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Wag the Dog

movie reviewmovie reviewmovie review out of 4 Movie Review: Wag the Dog

Starring: Dustin Hoffman, Robert De Niro
Director: Barry Levinson
Rated: R
RunTime: 97 Minutes
Release Date: December 1997
Genres: Comedy, Drama

*Also starring: Anne Heche, Denis Leary, Woody Harrelson, William H. Macy, Andrea Martin, Michael Belson, Suzanne Cryer, John Michael Higgins

Review by Brian Koller
1½ stars out of 4

"Wag the Dog" is a biting satire of U.S. Presidential politics. It has been compared to "Dr. Strangelove", and indeed it is similar in feel: both films mine for humor by demonstrating how ludicrous seemingly ordinary events and conversations can become, when the participants have lost their perspective of what they are doing.

But "Wag the Dog" is no "Dr. Strangelove". It is too talky, too self-satisfied, too cynical, and often annoying in its excessive (and needless) use of obscenity. While there is a grain of truth in this tale of spin doctors replacing reality with phony and manipulating images, the notion is remarkably condescending that the media and the public would follow like sheep in whatever direction they are led.

The plot has the President getting into an unrecoverable scandal two weeks before re-election. He has had perhaps non-consensual sex with an underage girl, and this is the subject of many sly jokes (as if it could actually be funny). Robert De Niro plays a Presidential aide who wants the U.S. to start a war with Albania to take the focus from the President's shenanigans. He enlists Hollywood producer Dustin Hoffman, idea man Denis Leary, and songwriter Willie Nelson to fabricate this war and its images. Things get even more preposterous as a soldier chosen randomly to be a war hero turns out to be a psychotic nun-raper (This is also supposed to be funny: Does Hollywood believe that rape is a subject for comedy?)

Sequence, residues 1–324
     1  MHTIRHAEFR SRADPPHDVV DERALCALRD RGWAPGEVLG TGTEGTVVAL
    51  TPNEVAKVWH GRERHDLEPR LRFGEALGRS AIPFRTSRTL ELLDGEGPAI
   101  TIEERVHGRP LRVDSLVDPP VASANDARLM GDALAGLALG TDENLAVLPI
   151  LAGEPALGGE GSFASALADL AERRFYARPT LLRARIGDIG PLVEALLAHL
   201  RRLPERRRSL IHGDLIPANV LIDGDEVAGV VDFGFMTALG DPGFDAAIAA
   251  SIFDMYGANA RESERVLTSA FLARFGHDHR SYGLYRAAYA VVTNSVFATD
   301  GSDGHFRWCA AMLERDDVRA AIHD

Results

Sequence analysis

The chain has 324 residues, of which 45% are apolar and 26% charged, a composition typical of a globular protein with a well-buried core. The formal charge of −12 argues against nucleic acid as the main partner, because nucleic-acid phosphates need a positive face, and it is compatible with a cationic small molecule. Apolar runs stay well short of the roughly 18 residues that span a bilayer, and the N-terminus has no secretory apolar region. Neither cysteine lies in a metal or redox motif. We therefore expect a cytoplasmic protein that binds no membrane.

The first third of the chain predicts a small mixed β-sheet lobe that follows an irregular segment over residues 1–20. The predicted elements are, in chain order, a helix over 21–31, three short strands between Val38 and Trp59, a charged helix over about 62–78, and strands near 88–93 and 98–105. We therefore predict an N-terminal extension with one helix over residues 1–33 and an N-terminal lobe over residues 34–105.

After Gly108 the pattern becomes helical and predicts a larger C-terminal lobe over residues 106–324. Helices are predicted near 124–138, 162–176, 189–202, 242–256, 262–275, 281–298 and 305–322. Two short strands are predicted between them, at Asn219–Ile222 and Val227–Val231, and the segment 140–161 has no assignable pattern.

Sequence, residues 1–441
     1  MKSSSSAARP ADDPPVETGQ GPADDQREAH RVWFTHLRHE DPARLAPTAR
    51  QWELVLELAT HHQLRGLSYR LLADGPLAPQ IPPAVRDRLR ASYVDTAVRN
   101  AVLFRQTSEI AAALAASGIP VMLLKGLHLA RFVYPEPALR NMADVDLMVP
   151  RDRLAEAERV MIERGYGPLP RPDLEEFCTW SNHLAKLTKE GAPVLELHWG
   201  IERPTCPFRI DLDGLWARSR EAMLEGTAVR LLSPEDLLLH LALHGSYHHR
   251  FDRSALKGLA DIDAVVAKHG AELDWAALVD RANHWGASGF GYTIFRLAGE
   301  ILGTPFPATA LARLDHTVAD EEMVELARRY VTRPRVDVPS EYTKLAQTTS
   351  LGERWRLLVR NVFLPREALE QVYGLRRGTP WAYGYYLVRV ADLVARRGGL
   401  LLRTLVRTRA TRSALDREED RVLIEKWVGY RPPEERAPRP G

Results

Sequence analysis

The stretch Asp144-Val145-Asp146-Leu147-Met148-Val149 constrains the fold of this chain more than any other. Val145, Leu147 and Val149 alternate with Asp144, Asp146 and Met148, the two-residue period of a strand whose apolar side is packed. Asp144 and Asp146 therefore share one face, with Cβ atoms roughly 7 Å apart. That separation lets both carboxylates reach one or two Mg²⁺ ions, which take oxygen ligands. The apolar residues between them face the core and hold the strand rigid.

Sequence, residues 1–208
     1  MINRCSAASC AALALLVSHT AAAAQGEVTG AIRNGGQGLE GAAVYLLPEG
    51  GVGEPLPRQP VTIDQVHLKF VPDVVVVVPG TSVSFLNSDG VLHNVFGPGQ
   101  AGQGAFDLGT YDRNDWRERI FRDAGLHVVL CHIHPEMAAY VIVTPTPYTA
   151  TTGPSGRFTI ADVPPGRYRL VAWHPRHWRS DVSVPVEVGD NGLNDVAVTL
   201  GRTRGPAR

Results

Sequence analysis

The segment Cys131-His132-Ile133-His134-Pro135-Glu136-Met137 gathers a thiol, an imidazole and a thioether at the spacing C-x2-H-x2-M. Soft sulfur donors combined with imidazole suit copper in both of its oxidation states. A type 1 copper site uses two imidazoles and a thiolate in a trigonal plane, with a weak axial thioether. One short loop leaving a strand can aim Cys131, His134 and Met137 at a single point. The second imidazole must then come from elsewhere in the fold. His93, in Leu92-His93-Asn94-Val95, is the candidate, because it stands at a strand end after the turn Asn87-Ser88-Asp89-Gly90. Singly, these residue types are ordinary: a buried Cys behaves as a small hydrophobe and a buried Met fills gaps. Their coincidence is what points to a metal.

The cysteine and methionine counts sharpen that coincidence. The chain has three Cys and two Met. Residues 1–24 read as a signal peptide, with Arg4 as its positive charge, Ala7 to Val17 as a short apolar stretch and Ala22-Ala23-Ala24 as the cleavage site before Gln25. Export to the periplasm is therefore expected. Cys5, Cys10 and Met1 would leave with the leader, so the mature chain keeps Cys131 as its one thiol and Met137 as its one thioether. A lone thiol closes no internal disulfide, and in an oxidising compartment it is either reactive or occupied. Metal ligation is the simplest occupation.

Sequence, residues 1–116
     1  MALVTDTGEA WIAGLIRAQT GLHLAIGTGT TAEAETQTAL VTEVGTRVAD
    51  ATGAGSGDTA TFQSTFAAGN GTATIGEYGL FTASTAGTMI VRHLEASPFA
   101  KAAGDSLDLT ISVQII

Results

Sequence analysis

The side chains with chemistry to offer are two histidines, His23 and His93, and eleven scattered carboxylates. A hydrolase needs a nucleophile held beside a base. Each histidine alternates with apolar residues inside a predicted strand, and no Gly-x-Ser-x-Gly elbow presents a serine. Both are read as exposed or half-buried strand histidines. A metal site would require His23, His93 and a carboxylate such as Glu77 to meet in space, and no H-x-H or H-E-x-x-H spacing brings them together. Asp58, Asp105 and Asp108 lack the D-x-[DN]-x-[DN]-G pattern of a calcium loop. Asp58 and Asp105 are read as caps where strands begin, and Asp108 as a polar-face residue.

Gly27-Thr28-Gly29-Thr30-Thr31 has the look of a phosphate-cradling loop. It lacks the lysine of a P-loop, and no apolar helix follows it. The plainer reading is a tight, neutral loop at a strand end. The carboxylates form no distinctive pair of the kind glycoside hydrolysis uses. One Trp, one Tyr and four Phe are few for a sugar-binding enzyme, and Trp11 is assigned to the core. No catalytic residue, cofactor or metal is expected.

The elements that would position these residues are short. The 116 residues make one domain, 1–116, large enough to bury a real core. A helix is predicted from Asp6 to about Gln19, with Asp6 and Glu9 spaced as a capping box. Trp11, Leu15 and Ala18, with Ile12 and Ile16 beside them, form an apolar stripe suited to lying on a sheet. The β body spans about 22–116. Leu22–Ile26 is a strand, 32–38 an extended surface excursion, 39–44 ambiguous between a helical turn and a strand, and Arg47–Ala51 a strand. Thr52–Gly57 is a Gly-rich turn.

Sometimes the black comedy does find its target. Willie Nelson conducts a group of singers slogging their phony way through a manipulative song, and the satire catches it perfectly. Also effective are political ads with the lame slogan "Don't change horses in mid-stream" that appear endlessly on TV monitors. But while it is good to see the taboo against parodying U.S. patriotism broken, the joke of tossing old shoes in support of servicemen is a groaner.

On the whole, this film is a major disappointment. The depiction of a presidential administration that is essentially controlled by spin artists creating fantasy events for short term media payoffs, swallowed whole by the media and a public that completely ignores substance for spectacle, is smug and shallow and (worst of all) not often funny.

Copyright 1997 Brian Koller

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